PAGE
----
3 Powerful Emotions That Won Sochi Olympics For Brands
2014 has kept brands busy as they stepped out of the Super Bowl, straight into the Winter Olympics at Sochi. While the Super Bowl was a single event with a specific (albeit large) number of ad spots, the month long Olympics allows sponsors the chance to have more well-rounded campaigns than a single 30 second spot.
Unmetric takes a look at how they leveraged their involvement across Facebook, Twitter and YouTube.
P&G Pulls At Our Heartstrings With Unconditional Love
Widely hailed as the Gold medalist amongst Olympic advertisers, Procter & Gamble has been a consistent winner through previous Olympics, and continues to be one in Sochi. Their ‘Pick Them Back Up’ advert, released around the same time as the Super Bowl ad blitzkrieg, has received more views than all but three Super Bowl commercials.
Hashtag Analysis: P&G kept it simple but effective with their hashtags which were either related to Sochi, or to their ‘Thank You Mom’ campaign. Their four tweets with Engagement Scores** of 1000 celebrated gold medals at the Sochi Olympics with each of these tweets including quotes from the athletes’ moms. Their #ThankYouMom and #BecauseOfMom hashtags have a sentiment trigger that resulted in a higher rate of usage and retweets.
Visa Lets Us Share In The Joy And Glory Of The Olympics
Another Olympic Sponsor with a well rounded strategy across platforms was Visa. Their YouTube channel contains a Sochi related playlist comprising of 35 videos featuring various Visa sponsored athletes, like the one with Olympic Ski-Jumper Sarah Hendrickson which received more than 2.8 million views.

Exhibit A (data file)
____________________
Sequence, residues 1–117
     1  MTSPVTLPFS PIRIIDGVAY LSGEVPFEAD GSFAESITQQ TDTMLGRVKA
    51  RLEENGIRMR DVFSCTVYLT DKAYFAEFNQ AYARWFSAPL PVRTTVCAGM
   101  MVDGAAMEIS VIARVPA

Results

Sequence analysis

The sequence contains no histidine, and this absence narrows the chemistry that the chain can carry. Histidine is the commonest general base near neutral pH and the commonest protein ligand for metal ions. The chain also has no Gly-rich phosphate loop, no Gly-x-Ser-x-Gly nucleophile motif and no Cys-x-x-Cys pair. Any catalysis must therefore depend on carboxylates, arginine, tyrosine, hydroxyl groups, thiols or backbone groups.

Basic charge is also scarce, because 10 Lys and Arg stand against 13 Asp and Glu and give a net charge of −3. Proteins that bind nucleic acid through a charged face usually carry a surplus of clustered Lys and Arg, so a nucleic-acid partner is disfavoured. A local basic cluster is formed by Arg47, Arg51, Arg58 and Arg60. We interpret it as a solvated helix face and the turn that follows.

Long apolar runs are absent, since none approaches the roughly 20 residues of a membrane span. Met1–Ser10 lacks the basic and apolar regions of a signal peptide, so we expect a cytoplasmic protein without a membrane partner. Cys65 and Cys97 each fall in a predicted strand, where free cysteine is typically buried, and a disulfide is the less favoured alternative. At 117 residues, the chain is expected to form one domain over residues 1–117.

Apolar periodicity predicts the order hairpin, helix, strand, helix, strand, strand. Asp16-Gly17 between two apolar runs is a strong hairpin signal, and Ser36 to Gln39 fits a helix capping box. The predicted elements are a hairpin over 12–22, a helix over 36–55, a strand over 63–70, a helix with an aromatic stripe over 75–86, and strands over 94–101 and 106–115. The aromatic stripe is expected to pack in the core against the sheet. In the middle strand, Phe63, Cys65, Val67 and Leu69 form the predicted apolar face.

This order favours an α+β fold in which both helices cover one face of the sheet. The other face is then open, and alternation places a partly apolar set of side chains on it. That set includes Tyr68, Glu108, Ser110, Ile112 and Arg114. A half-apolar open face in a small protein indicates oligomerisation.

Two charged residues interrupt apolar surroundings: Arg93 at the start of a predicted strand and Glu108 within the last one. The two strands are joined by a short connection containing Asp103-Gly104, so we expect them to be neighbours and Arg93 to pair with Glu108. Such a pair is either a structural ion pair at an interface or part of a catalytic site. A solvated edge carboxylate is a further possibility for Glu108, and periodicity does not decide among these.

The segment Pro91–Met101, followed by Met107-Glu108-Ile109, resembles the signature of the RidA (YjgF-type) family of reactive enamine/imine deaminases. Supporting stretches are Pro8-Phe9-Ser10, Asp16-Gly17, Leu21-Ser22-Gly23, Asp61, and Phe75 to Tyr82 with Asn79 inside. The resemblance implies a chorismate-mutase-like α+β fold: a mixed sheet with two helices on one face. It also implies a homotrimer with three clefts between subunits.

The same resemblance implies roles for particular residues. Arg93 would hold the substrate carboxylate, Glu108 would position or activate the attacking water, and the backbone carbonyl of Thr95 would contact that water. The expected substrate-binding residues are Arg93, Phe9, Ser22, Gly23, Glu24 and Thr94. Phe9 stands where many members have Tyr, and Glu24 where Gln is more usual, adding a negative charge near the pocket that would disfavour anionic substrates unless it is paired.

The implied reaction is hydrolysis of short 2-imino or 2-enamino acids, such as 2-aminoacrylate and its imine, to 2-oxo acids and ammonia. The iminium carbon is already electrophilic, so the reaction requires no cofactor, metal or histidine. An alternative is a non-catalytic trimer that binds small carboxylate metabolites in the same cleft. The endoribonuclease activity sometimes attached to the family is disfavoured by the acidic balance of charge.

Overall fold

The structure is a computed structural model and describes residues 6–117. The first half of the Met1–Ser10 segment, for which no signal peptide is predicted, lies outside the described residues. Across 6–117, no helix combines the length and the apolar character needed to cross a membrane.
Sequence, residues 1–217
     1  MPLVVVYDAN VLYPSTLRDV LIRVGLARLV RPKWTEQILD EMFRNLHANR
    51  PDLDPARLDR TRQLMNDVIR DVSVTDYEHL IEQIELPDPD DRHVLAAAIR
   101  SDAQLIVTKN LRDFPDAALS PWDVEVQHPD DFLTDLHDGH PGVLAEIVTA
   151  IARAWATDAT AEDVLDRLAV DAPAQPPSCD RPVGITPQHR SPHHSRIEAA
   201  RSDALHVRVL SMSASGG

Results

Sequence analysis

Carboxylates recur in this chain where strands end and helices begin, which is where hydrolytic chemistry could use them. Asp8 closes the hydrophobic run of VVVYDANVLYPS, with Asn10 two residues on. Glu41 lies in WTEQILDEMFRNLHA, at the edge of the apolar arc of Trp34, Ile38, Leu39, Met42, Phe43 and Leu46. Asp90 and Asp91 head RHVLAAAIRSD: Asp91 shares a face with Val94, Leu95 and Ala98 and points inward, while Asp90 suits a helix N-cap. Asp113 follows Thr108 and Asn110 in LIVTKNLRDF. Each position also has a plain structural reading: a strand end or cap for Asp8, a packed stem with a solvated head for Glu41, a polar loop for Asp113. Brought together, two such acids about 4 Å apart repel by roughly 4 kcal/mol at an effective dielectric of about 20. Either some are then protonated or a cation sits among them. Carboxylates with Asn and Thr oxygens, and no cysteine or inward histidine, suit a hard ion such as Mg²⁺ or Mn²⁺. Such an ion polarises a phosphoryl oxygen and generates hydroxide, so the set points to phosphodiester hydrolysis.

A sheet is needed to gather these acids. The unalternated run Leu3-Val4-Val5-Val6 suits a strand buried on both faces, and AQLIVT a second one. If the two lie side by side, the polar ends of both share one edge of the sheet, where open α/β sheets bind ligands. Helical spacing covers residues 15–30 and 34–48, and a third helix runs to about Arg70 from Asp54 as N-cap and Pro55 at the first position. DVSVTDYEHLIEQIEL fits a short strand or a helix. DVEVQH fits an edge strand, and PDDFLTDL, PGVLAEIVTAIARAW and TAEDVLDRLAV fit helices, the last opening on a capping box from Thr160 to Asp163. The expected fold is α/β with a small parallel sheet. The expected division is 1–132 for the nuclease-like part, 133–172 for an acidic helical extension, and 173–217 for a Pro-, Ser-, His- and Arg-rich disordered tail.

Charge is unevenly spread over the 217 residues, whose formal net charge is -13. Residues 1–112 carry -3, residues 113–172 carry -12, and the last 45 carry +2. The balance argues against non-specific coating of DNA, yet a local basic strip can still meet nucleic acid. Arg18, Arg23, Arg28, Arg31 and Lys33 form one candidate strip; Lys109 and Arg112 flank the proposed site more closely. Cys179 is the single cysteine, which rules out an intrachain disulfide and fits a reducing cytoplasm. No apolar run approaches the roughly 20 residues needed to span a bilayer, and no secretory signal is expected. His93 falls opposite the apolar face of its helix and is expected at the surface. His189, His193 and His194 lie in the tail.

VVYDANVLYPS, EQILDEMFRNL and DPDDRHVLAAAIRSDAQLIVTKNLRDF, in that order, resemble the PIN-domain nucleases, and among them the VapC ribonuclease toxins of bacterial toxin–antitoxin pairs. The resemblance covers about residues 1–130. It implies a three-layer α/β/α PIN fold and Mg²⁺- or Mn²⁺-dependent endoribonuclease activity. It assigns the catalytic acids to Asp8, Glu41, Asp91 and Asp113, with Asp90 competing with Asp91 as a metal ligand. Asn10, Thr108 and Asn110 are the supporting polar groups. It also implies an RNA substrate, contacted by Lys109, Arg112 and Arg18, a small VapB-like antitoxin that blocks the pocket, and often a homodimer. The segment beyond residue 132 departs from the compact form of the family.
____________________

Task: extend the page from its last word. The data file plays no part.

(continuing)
On Facebook, their Olympics related posts received great engagement with two of the posts, including the one below, achieving Engagement Scores of 1000.
In fact, their Facebook page received an Engagement Score of 781 which is more than twice the Engagement Score of the average Banking & Finance sector from North America.
As well as it did on Facebook and Youtube, Visa’s #everywhere campaign really found its legs on Twitter. The brand involved fans in mosaic collages of different athletes, included live updates and congratulated winners via Twitter, in a bid to increase engagement.Their tweets were favorited 114 times more than the average Banking & Finance Twitter account from North America and retweeted almost 70 times more, in the time period analysed.
Hashtag Analysis: Apart from the generic #teamUSA and #Sochi2014 hashtags, the brand and campaign specific hashtags – #TeamVisa and #Everywhere, received engagement scores of 892 and 989 respectively.
Visa has invested considerable time and effort in ensuring that their Olympics campaign gains the most bang for its buck. And it seems to have worked. With a growth rate of 16%, Visa enjoyed the highest follower growth rate among the official Twitter accounts of all the Worldwide Official Sponsors.
Coca Cola Proves That ‘America’ Triggers Engagement
Coca Cola had sizeable investments in both the Super Bowl and in Sochi, and in a cost-effective move, released a single commercial which captures the spirit and patriotism necessary for both events. Their “AmericaIsBeautiful” commercial had already gained about 8 million views in the week between the Super Bowl and Sochi, and since the beginning of the Games, has added about 2 million more views.On Facebook, their Sochi related updates received fair engagement but the highest engagement still came from their Super Bowl related posts.
Hashtag Analysis: On Twitter, the use of the hashtag #AmericaIsBeautiful dropped significantly after the Super Bowl, with a small spike visible at the start of the Games.
Perhaps a new hashtag exclusively used for the Olympics would have encouraged a fresh wave of audience participation.
The Final Tally
The Olympics bring out a shared sense of pride and patriotism in people and the brands that have capitalized on these emotions, like P&G, Visa and Coca Cola had very engaging campaigns. By efficiently using all three platforms, these brands made the most of their association with the Olympics.
Unmetric compiled the report by sourcing data from its own social media benchmarking platform. Data and Insights on Facebook, Twitter and YouTube were analyzed for the period of Jan 1st –Feb 24th,2014.